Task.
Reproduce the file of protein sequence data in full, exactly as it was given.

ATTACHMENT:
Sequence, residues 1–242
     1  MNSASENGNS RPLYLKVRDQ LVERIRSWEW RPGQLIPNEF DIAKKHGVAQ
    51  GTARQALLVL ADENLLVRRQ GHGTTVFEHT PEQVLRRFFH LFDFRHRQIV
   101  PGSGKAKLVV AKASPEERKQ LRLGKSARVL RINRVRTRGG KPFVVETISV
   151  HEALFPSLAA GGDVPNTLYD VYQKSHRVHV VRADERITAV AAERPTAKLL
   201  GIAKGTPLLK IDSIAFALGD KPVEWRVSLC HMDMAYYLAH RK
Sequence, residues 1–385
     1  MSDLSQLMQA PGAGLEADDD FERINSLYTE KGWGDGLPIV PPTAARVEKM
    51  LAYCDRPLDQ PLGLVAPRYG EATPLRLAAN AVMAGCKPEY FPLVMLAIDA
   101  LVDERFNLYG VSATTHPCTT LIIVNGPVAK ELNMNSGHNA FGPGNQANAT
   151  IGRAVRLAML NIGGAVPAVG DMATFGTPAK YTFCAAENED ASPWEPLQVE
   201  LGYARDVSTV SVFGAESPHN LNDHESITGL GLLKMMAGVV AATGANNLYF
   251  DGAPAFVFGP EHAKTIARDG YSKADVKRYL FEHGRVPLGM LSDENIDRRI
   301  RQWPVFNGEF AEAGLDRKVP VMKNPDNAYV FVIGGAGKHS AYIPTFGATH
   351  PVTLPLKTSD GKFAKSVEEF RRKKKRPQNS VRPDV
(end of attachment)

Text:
Sequence, residues 1–242
     1  MNSASENGNS RPLYLKVRDQ LVERIRSWEW RPGQLIPNEF DIAKKHGVAQ
    51  GTARQALLVL ADENLLVRRQ GHGTTVFEHT PEQVLRRFFH LFDFRHRQIV
   101  PGSGKAKLVV AKASPEERKQ LRLGKSARVL RINRVRTRGG KPFVVETISV
   151  HEALFPSLAA GGDVPNTLYD VYQKSHRVHV VRADERITAV AAERPTAKLL
   201  GIAKGTPLLK IDSIAFALGD KPVEWRVSLC HMDMAYYLAH RK
Sequence, residues 1–385
     1  MSDLSQLMQA PGAGLEADDD FERINSLYTE KGWGDGLPIV PPTAARVEKM
    51  LAYCDRPLDQ PLGLVAPRYG EATPLRLAAN AVMAGCKPEY FPLVMLAIDA
   101  LVDERFNLYG VSATTHPCTT LIIVNGPVAK ELNMNSGHNA FGPGNQANAT
   151  IGRAVRLAML NIGGAVPAVG DMATFGTPAK YTFCAAENED ASPWEPLQVE
   201  LGYARDVSTV SVFGAESPHN LNDHESITGL GLLKMMAGVV AATGANNLYF
   251  DGAPAFVFGP EHAKTIARDG YSKADVKRYL FEHGRVPLGM LSDENIDRRI
   301  RQWPVFNGEF AEAGLDRKVP VMKNPDNAYV FVIGGAGKHS AYIPTFGATH
   351  PVTLPLKTSD GKFAKSVEEF RRKKKRPQNS VRPDV